Introduction to AR with A-Frame

Technology is moving fast on the web, and one of the more interesting fields of technology for the web has to deal with Augmented Reality. All the big players are getting into this space from Apple, Google, and Microsoft. In this introduction we are going to talk about how you can integrate basic AR on a website using a single marker.

In this tutorial we are going to be working with AR.js which is based on the Artoolkit software and A-Frame. Because of this software it is marker based. 

What is a marker?

Markers are a simple form of QR codes that a camera will recognize and place the 3D model on top of it. You can use a predefined one (such as the Hiro or Kanji marker or custom design your own marker.

If you do design your own you have to keep a few things in mind.

  • The max resolution for the marker is 16x16 pixels/grid

  • Must be square in shape

  • Must only be black and light gray (#F0F0F0) with no transparency

  • Can contain simple text

You can use a simple generator here:

AR.js also supports another kind of marker called barcode.

For now let’s simple download and print (yes using a ink printer) a simple Hiro marker.

What is A-Frame

A-Frame is a web framework for building VR experiences. Wait... I thought this tutorial was about AR, not VR. That is correct. But A-Frame provides us the building blocks and APIs we need to build out our AR website.

AR is Simple

With how advanced AR seems, it is actually quite easy to integrate AR into a site. Scary easy in fact.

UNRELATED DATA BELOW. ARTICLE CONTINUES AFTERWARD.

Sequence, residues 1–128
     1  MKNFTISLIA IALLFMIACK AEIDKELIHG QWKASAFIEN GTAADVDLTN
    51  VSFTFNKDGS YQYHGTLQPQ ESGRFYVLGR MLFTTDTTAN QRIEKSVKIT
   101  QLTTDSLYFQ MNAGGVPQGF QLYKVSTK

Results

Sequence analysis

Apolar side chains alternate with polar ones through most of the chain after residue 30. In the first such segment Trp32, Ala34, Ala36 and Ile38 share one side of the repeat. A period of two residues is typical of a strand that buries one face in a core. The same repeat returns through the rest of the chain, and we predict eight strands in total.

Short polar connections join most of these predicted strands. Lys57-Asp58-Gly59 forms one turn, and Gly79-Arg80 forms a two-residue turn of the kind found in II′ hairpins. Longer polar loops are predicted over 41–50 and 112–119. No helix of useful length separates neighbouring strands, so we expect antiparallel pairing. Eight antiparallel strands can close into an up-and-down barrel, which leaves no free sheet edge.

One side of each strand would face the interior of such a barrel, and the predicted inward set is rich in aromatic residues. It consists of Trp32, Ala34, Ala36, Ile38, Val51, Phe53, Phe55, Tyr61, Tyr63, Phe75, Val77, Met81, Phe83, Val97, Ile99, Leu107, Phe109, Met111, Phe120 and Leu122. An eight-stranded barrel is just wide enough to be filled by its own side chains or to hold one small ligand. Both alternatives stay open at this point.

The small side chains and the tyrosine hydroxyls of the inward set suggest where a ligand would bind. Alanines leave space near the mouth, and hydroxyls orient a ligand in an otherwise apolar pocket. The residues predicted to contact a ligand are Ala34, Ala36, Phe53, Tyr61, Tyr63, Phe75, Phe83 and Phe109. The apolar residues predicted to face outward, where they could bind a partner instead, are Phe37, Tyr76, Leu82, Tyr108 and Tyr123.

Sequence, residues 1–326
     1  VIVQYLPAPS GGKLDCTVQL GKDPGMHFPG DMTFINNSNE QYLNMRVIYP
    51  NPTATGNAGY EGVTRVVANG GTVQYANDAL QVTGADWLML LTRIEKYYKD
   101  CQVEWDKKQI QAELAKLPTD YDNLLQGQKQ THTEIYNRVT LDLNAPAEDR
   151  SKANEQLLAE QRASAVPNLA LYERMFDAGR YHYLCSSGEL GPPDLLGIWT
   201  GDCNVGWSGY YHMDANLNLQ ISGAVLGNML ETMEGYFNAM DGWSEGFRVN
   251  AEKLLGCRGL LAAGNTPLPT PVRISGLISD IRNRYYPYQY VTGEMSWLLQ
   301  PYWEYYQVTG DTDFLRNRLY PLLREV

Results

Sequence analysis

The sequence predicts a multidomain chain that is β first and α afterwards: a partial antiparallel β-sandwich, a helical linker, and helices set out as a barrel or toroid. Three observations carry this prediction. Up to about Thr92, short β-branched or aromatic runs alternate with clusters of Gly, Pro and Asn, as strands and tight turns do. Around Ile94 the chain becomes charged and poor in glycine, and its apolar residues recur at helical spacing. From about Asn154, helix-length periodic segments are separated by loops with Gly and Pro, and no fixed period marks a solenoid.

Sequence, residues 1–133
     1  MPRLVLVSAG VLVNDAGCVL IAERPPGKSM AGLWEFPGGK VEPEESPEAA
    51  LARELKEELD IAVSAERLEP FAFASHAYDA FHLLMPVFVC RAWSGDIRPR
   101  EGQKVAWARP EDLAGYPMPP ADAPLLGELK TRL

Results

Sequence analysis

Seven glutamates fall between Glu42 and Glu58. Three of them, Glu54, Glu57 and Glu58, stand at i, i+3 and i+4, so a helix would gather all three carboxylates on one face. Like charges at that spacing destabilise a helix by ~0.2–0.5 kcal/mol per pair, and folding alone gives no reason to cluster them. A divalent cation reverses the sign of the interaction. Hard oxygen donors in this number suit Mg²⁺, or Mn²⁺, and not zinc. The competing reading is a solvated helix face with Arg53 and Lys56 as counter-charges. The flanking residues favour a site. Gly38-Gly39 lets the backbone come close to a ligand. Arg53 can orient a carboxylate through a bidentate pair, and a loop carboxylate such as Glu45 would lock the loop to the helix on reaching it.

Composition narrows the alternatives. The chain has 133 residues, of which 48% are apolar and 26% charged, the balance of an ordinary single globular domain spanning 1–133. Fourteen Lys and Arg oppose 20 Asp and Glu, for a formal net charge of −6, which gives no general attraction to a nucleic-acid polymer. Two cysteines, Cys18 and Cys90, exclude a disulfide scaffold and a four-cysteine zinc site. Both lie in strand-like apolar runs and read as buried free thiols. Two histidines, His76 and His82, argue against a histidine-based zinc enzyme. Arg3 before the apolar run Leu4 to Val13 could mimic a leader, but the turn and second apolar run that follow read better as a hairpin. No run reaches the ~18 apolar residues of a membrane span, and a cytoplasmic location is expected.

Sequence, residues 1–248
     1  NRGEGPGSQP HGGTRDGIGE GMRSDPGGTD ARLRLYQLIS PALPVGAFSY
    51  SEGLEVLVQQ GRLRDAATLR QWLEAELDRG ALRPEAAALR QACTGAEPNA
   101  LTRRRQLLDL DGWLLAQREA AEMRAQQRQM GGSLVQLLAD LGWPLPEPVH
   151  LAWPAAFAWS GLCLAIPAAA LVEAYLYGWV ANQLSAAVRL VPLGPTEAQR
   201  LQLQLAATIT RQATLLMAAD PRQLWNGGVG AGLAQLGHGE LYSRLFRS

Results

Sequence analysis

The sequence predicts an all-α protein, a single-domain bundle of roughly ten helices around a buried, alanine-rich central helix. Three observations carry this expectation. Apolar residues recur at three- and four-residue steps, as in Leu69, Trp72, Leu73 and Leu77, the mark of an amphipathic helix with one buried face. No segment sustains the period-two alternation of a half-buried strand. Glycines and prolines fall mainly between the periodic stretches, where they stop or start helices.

Let’s get started.

To get started with this project we have to include a few libraries. The first being of course A-Frame

<script src=""></script>

Next we need to include a project that using A-Frame with AR.  This can be found at

Include this into the project:

<script src=""></script>

Let’s prepare the website with some simple CSS

body {
  margin: 0;
  overflow: hidden;

Next we need to start the AR code by setting up a Scene. This is done with the <a-scene> tags.

<a-scene embedded arjs='sourceType: webcam;'>
  <!-- AR code here -->

We need to define what marker we are using. This is done inside the <a-scene> tags. We will be using the Hiro marker.

<a-marker-camera preset=“hiro”></a-marker-camera>

For this example we are just going to create. A simple box and a sphere to show.

<a-sphere position="0 0.5 0" radius="0.5" color="#EF2D5E"></a-sphere>
<a-plane position="0 0 0" rotation="-90 0 0" width="1" height="1" color="#7BC8A4"></a-plane>

Load it up

Save this code and visit it on a device that has a camera. Point it at the freshly printed marker and you should see a free floating box.

Or you can check out the example at or can the QR code on your phone. Some people's version of Chrome can not run this. It is best to view on your phone, or Firefox/Safari.

QR code to AR example

Special Note

The one gotcha with dealing with AR is that it must be over a secure connection (https) because it does require access to a user's camera.